crocus

noun

cro·​cus ˈkrō-kəs How to pronounce crocus (audio)
plural crocuses
1
a
plural also crocus or croci ˈkrō-ˌkē How to pronounce crocus (audio)
-ˌkī,
-ˌsī
: any of a genus (Crocus) of herbs of the iris family developing from corms and having solitary long-tubed flowers and slender linear leaves
2
: a dark red ferric oxide used for polishing metals

Did you know?

A low-growing plant with a corm, the crocus belongs to the iris family. There are about 75 species of crocus. They are native to the Alps, southern Europe, and the Mediterranean and are widely grown for their cuplike blooms in early spring or fall. The spring-flowering sorts have a floral tube so long that the ovary is below ground, sheltered from climatic changes. Saffron comes from a species of crocus that is native to western Asia. The alpine crocus is the chief ancestor of the common garden crocus.

Example Sentences

Recent Examples on the Web The crocus blooms from which these filaments are plucked each fall are contrasting light purple in hue. Hugh Garvey, Sunset Magazine, 26 Sep. 2022 Crocus Small but mighty crocus (Crocus sativus) is one of the first of several miniature bulbs to pop up in spring, and even late winter in warmer areas. Nicole Bradley, Better Homes & Gardens, 20 Sep. 2022 Technically, a crocus comes from a corm not a bulb, but they are treated similarly. Nicole Bradley, Better Homes & Gardens, 20 Sep. 2022 Purple crocus flowers bloomed in groves of holm oak, and broom shrubs burst with yellow blooms. Mary Winston Nicklin, Washington Post, 13 May 2022 There is lovely acidity and notable persistence (the finish is quite long), while there are subtle notes of basil and yellow crocus in the finish. Tom Hyland, Forbes, 17 Aug. 2022 But then, all its hope lies in Anne’s face, as uncompromising as an early crocus. Stephanie Zacharek, Time, 6 May 2022 In other places, the transformation from winter to spring is noted by the bloom of the first crocus or the arrival of the first robin. Tribune News Service, cleveland, 9 Mar. 2022 At the base of Mount Karkom, named in Hebrew for a desert crocus, there is evidence that ancient migration trails converged here and that cultic rituals took place in the area. New York Times, 31 Dec. 2021 See More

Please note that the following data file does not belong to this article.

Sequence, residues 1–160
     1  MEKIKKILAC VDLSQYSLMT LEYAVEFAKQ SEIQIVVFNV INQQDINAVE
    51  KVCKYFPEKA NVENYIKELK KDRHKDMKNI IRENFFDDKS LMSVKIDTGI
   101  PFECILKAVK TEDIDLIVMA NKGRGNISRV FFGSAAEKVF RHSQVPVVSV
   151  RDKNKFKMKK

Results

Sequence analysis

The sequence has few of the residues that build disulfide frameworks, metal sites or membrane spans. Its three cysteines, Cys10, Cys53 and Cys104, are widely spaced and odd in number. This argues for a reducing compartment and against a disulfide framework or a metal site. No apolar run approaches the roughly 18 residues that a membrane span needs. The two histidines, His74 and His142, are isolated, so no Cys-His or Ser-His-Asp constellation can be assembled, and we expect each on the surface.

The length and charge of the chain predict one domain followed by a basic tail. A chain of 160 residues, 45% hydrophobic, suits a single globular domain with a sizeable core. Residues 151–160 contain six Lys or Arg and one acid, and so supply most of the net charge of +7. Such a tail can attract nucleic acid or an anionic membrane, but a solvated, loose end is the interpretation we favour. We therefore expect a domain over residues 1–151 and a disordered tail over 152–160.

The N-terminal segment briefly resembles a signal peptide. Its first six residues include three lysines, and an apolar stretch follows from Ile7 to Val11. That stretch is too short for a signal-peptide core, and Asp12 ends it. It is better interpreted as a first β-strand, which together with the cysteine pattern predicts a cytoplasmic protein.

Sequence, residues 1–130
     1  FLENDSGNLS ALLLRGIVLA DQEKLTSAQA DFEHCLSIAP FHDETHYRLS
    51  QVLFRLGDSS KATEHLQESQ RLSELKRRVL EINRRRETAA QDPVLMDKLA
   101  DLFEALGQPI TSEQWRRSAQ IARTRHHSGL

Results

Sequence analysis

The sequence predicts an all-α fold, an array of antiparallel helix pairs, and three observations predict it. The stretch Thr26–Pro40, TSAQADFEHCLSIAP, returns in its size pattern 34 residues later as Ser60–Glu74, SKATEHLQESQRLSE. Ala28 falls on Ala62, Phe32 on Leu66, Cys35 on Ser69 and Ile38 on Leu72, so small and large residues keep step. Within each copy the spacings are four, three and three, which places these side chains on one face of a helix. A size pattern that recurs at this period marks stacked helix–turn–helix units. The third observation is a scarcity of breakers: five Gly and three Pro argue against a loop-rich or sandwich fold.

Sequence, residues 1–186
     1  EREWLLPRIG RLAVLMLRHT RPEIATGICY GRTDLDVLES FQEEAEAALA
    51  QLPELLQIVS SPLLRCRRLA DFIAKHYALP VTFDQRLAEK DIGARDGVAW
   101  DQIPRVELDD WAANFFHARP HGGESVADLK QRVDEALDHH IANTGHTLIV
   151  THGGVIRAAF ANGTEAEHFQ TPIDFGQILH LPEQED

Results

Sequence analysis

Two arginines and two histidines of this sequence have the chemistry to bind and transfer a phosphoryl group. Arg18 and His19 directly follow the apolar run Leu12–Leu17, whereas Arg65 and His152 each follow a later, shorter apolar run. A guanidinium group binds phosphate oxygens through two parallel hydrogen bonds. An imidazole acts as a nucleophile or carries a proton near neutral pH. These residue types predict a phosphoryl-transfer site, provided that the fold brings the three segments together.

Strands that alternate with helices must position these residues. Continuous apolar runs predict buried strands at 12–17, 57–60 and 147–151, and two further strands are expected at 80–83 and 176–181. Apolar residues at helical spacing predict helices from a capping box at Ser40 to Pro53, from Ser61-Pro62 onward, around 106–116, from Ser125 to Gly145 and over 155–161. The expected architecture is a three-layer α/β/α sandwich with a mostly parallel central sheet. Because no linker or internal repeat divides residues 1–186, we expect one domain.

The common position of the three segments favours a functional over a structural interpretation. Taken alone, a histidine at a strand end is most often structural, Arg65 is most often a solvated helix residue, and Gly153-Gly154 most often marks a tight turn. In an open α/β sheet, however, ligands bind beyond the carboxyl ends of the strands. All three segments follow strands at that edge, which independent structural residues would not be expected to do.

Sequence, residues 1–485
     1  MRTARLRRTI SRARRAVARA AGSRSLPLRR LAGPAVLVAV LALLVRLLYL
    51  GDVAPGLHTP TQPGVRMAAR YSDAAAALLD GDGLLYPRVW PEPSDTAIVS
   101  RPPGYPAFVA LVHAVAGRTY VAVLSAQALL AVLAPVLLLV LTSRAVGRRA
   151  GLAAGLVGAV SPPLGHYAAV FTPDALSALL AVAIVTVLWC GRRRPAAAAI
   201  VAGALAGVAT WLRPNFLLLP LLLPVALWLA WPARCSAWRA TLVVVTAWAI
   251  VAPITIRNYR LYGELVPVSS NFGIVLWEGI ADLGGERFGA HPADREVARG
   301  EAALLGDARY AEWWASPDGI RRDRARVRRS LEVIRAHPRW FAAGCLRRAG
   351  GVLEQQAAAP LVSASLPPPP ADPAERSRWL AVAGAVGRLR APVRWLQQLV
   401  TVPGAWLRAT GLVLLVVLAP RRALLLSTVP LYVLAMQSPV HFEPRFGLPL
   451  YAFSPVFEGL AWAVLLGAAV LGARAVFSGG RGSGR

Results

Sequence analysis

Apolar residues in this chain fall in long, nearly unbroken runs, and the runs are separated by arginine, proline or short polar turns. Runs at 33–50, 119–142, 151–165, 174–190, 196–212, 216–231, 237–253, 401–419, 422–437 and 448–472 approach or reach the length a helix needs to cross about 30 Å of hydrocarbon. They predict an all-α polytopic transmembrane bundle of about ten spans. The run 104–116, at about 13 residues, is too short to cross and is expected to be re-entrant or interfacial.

These example sentences are selected automatically from various online news sources to reflect current usage of the word 'crocus.' Views expressed in the examples do not represent the opinion of Merriam-Webster or its editors. Send us feedback.

Word History

Etymology

Middle English, the saffron plant, from Latin, from Greek krokos, of Semitic origin; akin to Akkadian kurkānū saffron

First Known Use

14th century, in the meaning defined at sense 1a

Time Traveler
The first known use of crocus was in the 14th century

Dictionary Entries Near crocus

Cite this Entry

“Crocus.” Merriam-Webster.com Dictionary, Merriam-Webster, https://www.merriam-webster.com/dictionary/crocus. Accessed 6 Dec. 2022.

Kids Definition

crocus

noun

cro·​cus ˈkrō-kəs How to pronounce crocus (audio)
plural crocuses
1
plural also crocus or croci -ˌkē How to pronounce crocus (audio)
-ˌkī,
-ˌsī
: any of a genus of small herbs that are related to the irises and have showy solitary long-tubed flowers and slender grasslike leaves
2

Medical Definition

crocus

noun

cro·​cus ˈkrō-kəs How to pronounce crocus (audio)
plural crocuses
1
plural also crocus or croci -ˌkē, -ˌkī, -ˌsī How to pronounce crocus (audio) : any of a large genus (Crocus) of perennial herbs of the iris family (Iridaceae)
2

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